We are focused on optimizing our core foodservice business through our customer centric strategy with a “One Sysco” approach that is being executed at a high level and that positions us to deliver disciplined, profitable and sustainable growth moving forward. We aspire to be the most valued and trusted business partner for all of our customers and are committed to delivering on our targeted financial objectives for Sysco’s shareholders. We will continue to develop and refine current key strategic initiatives, such as category management, revenue management, enhanced customer facing technology and multiple productivity improvement measures, in our ongoing effort to create competitive advantage. We will do this by deepening our customer insight work, continually enhancing our technology capabilities and by attracting and developing highly capable and increasingly diverse leaders and associates.  We have identified five components of our strategy to help us achieve our mission and vision as follows:
Partnership - Profoundly enrich the experience of doing business with Sysco:  Our primary focus is to help our customers succeed.  We believe that by building on our current competitive advantages, we will be able to further differentiate our offering to customers.  Our competitive advantages include our marketing associates; our diversified product base, which includes quality-assured Sysco brand products; the suite of services we provide to our customers such as business reviews and menu analysis; and our multi-regional presence in North America and Europe.  In addition, we have a portfolio of businesses spanning broadline, chain restaurant distribution, specialty produce, specialty meat, hotel amenities, specialty import and export which serves our customers’ needs across a wide array of business segments.  We believe this strategy of enriching the experience of doing business with Sysco will increase customer retention and profitably accelerate sales growth with both existing and new customers.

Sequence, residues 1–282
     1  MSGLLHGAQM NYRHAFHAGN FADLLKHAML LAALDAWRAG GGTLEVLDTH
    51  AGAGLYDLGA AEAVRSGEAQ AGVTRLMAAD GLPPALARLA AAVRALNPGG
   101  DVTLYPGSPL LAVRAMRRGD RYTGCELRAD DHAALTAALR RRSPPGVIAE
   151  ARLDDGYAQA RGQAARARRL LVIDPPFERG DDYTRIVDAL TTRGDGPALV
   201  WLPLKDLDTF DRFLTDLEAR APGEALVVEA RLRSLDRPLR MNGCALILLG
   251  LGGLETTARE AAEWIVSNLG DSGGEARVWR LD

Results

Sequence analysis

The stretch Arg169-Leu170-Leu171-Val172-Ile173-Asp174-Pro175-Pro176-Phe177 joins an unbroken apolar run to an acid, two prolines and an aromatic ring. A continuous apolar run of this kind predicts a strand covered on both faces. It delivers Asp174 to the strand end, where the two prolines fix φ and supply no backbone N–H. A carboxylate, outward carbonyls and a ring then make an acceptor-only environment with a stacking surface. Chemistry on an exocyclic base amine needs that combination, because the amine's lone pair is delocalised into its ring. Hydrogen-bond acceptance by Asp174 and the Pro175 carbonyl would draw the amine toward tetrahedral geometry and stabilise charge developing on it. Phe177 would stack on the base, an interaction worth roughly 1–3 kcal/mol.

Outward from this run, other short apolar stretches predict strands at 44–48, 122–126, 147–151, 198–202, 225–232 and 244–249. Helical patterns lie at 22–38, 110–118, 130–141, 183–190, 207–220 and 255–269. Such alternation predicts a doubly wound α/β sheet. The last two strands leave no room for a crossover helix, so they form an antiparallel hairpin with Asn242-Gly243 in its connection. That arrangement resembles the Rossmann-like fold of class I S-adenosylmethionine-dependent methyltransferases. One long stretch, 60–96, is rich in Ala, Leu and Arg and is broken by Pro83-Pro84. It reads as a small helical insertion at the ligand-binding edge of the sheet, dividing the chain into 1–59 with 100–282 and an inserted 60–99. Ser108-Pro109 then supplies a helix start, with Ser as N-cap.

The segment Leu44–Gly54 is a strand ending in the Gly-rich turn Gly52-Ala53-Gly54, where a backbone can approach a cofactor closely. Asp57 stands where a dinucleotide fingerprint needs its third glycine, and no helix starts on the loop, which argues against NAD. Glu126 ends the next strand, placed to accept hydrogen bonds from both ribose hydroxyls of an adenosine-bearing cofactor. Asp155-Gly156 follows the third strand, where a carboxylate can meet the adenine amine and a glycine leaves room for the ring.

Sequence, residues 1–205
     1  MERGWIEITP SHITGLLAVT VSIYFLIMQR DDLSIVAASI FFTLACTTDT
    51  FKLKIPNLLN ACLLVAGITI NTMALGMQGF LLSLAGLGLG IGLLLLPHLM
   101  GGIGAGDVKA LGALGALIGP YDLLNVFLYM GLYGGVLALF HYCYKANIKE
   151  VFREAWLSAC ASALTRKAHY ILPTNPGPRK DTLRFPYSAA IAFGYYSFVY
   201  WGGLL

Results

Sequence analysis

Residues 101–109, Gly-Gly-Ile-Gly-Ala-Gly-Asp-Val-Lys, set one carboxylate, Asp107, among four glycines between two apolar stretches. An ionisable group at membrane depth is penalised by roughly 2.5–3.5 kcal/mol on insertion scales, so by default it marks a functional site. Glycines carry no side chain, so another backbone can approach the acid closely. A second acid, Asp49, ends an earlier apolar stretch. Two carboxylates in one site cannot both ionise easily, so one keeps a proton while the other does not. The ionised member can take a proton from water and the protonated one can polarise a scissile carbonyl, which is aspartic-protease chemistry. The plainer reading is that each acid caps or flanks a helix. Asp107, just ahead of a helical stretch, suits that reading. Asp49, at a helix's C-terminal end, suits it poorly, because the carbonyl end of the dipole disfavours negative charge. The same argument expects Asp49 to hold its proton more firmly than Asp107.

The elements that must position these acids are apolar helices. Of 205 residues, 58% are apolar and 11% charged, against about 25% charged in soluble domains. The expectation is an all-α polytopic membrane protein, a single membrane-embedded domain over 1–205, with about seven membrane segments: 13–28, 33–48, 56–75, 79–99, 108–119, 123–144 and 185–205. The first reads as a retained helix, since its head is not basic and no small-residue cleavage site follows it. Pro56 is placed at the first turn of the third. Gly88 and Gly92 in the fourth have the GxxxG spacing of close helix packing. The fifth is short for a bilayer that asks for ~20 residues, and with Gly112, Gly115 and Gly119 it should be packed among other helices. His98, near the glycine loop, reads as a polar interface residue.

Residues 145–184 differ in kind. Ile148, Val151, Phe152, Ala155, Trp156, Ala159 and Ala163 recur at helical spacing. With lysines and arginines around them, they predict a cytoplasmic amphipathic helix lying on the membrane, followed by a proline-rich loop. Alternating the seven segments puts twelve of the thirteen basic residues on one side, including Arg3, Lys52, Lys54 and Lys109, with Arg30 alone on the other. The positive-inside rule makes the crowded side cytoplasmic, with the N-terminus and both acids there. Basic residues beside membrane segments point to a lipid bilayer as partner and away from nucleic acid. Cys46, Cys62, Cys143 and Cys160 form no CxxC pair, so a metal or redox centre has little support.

Productivity - Continuously improve productivity in all areas of our business:  We continually strive to improve productivity and improve cost management.  From modernizing software systems to leveraging the power of our end-to-end supply chain, we continue to invest in ways to improve our service to our customers.
Products - Enhance our portfolio of products and services by initiating a customer-centric innovation program:  We continually explore opportunities to provide new and improved products, technologies and services to our customers.